Once the bird gets the hang of human words he’ll be listening to everything you say. This is where some owners get into trouble, as their favourite curses and expletives can be adopted by the parrot, who will then employ them with an uncanny skill for perfect timing!/p>
Parrots make a wide variety of sounds to accompany their busy lives. These are largely social – greetings, disagreements, calls for attention, shouts of anger, etc – and when teaching a bird to talk, it helps if the sound is accompanied by interaction.
Tips for Teaching Parrots to Talk
African Greys are the most celebrated talkers amongst parrots
You should be able to loosen the bird’s tongue if you try some of the following:
- A good starting point is to talk as you put food or water into a cage. Start with a ‘Hello’-type greeting as you approach the cage or enclosure. Always say ‘goodbye’ (or similar) when you walk away from the bird or leave the room.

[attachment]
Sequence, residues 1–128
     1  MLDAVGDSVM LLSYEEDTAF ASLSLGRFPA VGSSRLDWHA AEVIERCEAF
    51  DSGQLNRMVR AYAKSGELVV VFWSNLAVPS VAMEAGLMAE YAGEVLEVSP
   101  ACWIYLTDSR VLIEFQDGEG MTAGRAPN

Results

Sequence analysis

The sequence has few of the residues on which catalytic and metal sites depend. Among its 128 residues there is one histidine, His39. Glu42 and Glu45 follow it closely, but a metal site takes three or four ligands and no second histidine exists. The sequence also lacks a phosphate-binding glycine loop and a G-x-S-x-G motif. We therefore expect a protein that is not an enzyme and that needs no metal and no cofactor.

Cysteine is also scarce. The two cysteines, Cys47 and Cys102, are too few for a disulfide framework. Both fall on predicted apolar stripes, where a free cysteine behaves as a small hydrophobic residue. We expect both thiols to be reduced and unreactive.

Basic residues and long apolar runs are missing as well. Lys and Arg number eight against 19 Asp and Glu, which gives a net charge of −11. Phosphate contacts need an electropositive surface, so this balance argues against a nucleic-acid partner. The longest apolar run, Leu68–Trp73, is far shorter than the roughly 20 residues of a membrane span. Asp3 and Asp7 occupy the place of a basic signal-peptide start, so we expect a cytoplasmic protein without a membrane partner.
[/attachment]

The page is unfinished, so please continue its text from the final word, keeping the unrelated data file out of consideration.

- Repeat these stock phrases whenever you’re near the parrot. Parrots are very interested in sounds, and will listen and watch you as you speak.
- Try to catch the parrot when he’s at his most receptive – first thing in the morning, or just before feeding time, for example – rather than when he’s distracted (i.e. tired, angry, busy with other birds, or in any way flustered).
- Choose some simple words or phrases, and repeat them for at least two minutes, and no longer than five. Do this as many times as possible during the day.
- Try to fit in several short teaching sessions over the course of each day.
- If you say things like “I love food!” as you fill the trays, your parrot will link the sound to the action. If you’re lucky, he will start to say “I love food!” when you begin the bowl-replenishing process. Make the chosen sounds every time you carry out a certain action. It will take time – months – but, at the very least, it will build your bond with the parrot.